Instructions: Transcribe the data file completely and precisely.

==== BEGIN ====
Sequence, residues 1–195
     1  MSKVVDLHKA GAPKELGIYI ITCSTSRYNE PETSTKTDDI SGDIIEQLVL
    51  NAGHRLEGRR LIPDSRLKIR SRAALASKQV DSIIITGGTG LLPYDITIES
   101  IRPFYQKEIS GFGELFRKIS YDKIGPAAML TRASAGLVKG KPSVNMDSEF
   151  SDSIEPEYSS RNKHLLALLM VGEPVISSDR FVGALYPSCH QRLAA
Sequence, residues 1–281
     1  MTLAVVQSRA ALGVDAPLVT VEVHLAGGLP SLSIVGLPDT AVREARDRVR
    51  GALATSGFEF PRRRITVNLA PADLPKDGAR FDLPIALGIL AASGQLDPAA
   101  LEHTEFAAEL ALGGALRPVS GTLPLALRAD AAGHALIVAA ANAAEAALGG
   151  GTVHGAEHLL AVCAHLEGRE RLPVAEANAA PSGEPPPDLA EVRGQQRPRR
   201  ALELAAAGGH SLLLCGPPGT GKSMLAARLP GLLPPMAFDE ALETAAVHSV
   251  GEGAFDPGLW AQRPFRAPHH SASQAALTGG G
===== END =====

Sequence, residues 1–195
     1  MSKVVDLHKA GAPKELGIYI ITCSTSRYNE PETSTKTDDI SGDIIEQLVL
    51  NAGHRLEGRR LIPDSRLKIR SRAALASKQV DSIIITGGTG LLPYDITIES
   101  IRPFYQKEIS GFGELFRKIS YDKIGPAAML TRASAGLVKG KPSVNMDSEF
   151  SDSIEPEYSS RNKHLLALLM VGEPVISSDR FVGALYPSCH QRLAA
Sequence, residues 1–281
     1  MTLAVVQSRA ALGVDAPLVT VEVHLAGGLP SLSIVGLPDT AVREARDRVR
    51  GALATSGFEF PRRRITVNLA PADLPKDGAR FDLPIALGIL AASGQLDPAA
   101  LEHTEFAAEL ALGGALRPVS GTLPLALRAD AAGHALIVAA ANAAEAALGG
   151  GTVHGAEHLL AVCAHLEGRE RLPVAEANAA PSGEPPPDLA EVRGQQRPRR
   201  ALELAAAGGH SLLLCGPPGT GKSMLAARLP GLLPPMAFDE ALETAAVHSV
   251  GEGAFDPGLW AQRPFRAPHH SASQAALTGG G